Invitation posted on the Facebook page of Georgia's education minister, asking for pupils to join the competition 'My favorite school'. Pupils say the teacher forced them to 'like' their own school.

TBILISI, DFWatch – School children in Georgia are given as home assignment to ‘like’ their leaders. Having a popular official Facebook page has become essential to public figures of Georgia.

Users of the social networking site in the former Soviet republic recently started reporting that their children were being forced to ‘like’ the official Facebook pages of the country’s president or members of his administration.

“My daughter got as homework a couple of days ago to ‘like’ some pages on Facebook,” Nina writes, then saying that her daughter didn’t even have an account on Facebook.

“They came to our school during the lesson and took all of us who had Facebook accounts to a room with computers,” Tamua says.

About a week ago, the online news site Netgazeti reported about school children being forced to ‘like’ parliamentary speaker Davit Bakradze’s page, quoting several pupils.

The next day official statement of Bakradze’s page posted a statement that Isani-Samgori school district was saying that pupils were forced by an administrative rule to vote for one candidate in a virtual election, adding that the candidate was withdrawn and the votes canceled.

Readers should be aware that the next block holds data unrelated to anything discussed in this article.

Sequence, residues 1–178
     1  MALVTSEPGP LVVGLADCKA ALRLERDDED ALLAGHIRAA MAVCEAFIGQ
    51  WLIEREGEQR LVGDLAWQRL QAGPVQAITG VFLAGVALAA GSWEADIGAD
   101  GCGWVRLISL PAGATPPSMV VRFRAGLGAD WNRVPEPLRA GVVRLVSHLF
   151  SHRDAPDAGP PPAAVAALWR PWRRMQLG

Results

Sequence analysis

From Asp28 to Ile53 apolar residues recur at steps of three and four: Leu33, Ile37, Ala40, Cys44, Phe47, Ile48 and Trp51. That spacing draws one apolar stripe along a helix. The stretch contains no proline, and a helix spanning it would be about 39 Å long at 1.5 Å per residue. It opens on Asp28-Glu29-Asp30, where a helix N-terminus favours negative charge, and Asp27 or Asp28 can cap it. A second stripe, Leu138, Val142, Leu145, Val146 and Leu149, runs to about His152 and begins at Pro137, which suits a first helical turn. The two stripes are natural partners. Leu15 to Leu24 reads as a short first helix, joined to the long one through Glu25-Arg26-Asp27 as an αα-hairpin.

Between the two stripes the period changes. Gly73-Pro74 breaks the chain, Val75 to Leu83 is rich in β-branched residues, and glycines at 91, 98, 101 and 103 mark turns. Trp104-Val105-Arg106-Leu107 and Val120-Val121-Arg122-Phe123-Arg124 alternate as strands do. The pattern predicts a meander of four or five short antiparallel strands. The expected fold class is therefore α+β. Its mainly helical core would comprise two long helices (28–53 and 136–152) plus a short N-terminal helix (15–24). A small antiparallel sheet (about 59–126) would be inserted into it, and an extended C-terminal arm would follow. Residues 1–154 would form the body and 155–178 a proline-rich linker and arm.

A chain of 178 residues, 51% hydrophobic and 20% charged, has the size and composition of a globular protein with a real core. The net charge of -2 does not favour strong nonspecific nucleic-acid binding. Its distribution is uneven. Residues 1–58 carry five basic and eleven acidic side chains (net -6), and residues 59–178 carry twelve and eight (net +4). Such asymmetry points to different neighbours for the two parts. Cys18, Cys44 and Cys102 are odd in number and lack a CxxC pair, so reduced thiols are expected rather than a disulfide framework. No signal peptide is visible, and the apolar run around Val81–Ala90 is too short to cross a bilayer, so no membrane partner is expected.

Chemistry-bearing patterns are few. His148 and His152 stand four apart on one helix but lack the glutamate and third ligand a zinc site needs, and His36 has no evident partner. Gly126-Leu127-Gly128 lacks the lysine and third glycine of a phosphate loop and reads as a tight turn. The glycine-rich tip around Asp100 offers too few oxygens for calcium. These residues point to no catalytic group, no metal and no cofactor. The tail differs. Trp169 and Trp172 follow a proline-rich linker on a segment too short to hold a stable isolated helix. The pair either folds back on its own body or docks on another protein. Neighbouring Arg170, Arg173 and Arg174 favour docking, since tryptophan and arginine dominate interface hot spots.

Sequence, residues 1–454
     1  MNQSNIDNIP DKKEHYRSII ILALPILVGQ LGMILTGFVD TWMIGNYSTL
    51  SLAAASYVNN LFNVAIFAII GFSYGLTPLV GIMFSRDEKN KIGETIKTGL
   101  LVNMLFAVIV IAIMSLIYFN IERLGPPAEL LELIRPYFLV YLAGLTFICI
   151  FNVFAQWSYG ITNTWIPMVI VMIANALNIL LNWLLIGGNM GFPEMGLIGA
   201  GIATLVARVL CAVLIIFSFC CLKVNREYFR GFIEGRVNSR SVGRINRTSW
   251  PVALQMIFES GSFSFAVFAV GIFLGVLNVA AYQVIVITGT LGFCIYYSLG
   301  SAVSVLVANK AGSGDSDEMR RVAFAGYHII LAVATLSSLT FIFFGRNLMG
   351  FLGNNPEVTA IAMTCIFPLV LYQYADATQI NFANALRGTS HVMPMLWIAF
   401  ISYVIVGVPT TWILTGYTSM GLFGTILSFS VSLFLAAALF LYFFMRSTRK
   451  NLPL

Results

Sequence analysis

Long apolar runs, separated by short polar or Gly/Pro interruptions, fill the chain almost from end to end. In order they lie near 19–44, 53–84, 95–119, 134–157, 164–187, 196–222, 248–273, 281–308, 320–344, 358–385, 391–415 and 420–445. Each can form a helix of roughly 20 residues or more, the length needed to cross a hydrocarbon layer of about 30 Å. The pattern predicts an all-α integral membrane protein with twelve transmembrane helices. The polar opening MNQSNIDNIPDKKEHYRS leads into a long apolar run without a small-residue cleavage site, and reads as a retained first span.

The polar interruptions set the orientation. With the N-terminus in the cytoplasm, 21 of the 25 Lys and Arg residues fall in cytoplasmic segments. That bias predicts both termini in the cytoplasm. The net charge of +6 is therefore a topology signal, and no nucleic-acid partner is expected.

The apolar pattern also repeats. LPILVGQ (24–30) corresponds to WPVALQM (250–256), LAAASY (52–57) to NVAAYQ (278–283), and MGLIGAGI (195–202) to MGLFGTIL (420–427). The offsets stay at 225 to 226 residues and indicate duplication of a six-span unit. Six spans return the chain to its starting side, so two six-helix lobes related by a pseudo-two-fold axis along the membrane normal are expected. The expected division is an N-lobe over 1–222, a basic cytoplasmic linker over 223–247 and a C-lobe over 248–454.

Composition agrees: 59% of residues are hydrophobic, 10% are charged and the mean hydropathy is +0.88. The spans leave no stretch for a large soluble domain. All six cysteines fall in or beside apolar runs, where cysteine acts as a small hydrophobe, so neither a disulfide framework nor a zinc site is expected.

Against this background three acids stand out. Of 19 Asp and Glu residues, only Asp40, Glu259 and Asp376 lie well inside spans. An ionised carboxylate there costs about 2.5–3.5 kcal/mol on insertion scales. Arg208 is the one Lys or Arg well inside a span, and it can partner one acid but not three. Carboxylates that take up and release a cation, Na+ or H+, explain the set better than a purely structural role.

“I really much care about our relations and any fact, which makes anyone think that people gathered here are being forced to and not for their own sympathy. I consider it my personal and your assault too,” said a statement on Bakradze’s official FB page, which has 66 417 likes now.

Another story causing anger, and not only among parents, is a new online competition in the public schools. Pupils are ‘actively liking’ official school pages to let their school be the best.

Again teachers force pupils to ‘like’ their school page.

“Now they make our children register with fake accounts and ‘like’ the page,” one of the parents writes.

“They took them together in groups of 5 girls or boys. When they returned they said they were forced to like and share their school page,” Nitsa says.

“My sister is sitting and registering tons of new e-mails for that. Oh yes, and she gets the highest grades at math, if she fulfills the ‘plan’,” Magda writes.

Another Georgian website reports the same story. Children tel about girls being taken separately to the director’s room, while boys to the resource center. Some were asked the username and password for teachers to use in order to ‘like’ the page themselves.

The competition in the schools is announced on the Education Minister’s Facebook page. The winner school gets the prize ‘Class of the Future’, and will be provided with a classroom equipped with modern technology.

“This will get the minister more likes of course and it’s good PR, but forcing students to like a page or register false accounts, this is already overdoing it,” Levan thinks, assuming that now ministers and politicians are competing to get more likes, which somehow may mean more support in the upcoming elections.